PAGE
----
Will Predictions of an “Extremely Active” Hurricane Season Come True?

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In a recent media teleconference, lead forecaster Garry Bell from the Climate Prediction Center of the National Oceanic and Atmospheric Administration (NOAA) estimated that there could be 19 to 25 named storms during the 2020 hurricane season. On August 6, Bell stated that atmospheric and oceanic conditions are primed to kickstart an “extremely active” season of storms in the Atlantic Ocean. The predicted 19 to 25 named storms could have sustained winds above 38 miles an hour. Of these storms, seven to 11 could be hurricanes with wind speeds of 74 miles or higher, with three to six potential major hurricanes of Category 3 or higher.

According to NOAA historical records, the average hurricane season produces two named storms by early August, ending with nine named storms typically developing in October. An average hurricane season produces about 12 named storms. Within a typical season, approximately six storms become hurricanes and three become major hurricanes. However, the 2020 Atlantic hurricane season, which officially began on June 1, has already broken records with nine named storms including Hurricane Hanna and Hurricane Isaias.

“What people need to realize is that we are still 23 days from the peak of hurricane season, and we are very much on a record pace,” meteorologist Chad Myers said in an interview with a major media outlet. Hurricane season usually peaks around September 10 while the Atlantic’s waters are close to their warmest. 85 percent of major hurricanes occur after August 20. 

The National Hurricane Center announced on Tuesday morning that there is a 90 percent chance of a tropical depression or storm, which would take the name Laura, developing in the next five days. The source of the tropical storm is estimated to be 900 miles west-southwest of the Cabo Verde Islands.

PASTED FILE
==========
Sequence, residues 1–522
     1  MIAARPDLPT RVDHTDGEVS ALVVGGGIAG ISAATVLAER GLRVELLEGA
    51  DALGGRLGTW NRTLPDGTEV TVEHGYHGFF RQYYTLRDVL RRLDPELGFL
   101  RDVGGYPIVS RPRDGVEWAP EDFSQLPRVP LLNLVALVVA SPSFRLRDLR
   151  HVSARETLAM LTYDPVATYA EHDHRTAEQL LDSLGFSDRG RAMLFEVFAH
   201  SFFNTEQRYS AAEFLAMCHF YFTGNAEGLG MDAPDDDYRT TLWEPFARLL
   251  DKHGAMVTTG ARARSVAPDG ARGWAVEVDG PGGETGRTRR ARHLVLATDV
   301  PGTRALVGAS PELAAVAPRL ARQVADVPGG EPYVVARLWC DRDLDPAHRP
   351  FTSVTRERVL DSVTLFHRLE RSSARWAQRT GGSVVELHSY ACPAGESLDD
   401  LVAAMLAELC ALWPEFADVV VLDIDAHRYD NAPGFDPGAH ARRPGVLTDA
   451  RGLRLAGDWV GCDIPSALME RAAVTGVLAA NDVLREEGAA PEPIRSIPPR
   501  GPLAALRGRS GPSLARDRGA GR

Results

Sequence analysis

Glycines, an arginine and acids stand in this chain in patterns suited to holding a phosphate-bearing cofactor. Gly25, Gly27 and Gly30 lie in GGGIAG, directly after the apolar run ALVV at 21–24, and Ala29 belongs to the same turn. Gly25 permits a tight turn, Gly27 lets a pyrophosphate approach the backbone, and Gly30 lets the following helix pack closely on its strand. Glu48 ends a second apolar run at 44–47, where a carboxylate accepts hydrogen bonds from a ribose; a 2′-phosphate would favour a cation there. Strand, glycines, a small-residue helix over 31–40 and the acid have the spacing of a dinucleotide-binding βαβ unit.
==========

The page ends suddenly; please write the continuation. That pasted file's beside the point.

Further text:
Dr. Bell of the NOAA also said that the current evidence of climate change contributing to this hurricane season is inconclusive. Hurricane activity in the Atlantic is greatly affected by two elements of the planet’s climate system. The first element is natural variations that span decades, such as sea surface temperatures in the North Atlantic, and the second is shorter-term temperature variations in the equatorial Pacific Ocean.

With the peak of the hurricane season arising and COVID-19 rampant in many hurricane-prone areas, the United States could potentially face two overlapping crises. According to a study by scientists at Columbia University and the Union of Concerned Scientists (UCS), a large-scale hurricane evacuation would increase the spread of COVID-19 in hurricane-affected areas and other locations with relocated evacuees. The study’s findings indicated that directing evacuees to towns with low COVID-19 transmission rates would minimize the increase.

The UCS and Columbia research teams simulated a hypothetical evacuation scenario in which residents of Palm Beach, Broward, Miami-Dade, and Monroe counties evacuated due to a Category 3 hurricane. Based on previous studies of evacuation compliance and behavior, the study estimated that 2.3 million people would leave the four Florida counties. Surveys taken after Hurricane Irma were used to estimate where evacuees would go. Finally, the researchers used national county-scale model of COVID-19 transmission rates to estimate how many cases would result from hurricane evacuations and the locations they would occur.

Researchers at Columbia University and UCS concluded that in the worst-case scenario, if people repeated historic evacuation patterns, then virus transmission rates would increase by 20 percent in their destination counties. This increase would translate to roughly 61,000 additional COVID-19 cases in the origin and relocation areas.

Dr. Jeffrey Shaman, who is director of the university’s Climate and Health Program and a professor at Columbia’s Mailman School of Public Health and the Earth Institute, stated in the study that, “Directing evacuees to destinations with low virus activity and providing housing opportunities and resources that help maintain social distancing, encourage mask usage, and limiting opportunities for virus transmission will be essential.” His predictions resemble the actions taken earlier this year in Michigan after flooding there caused similar evacuations, but minimal COVID-19 spread.

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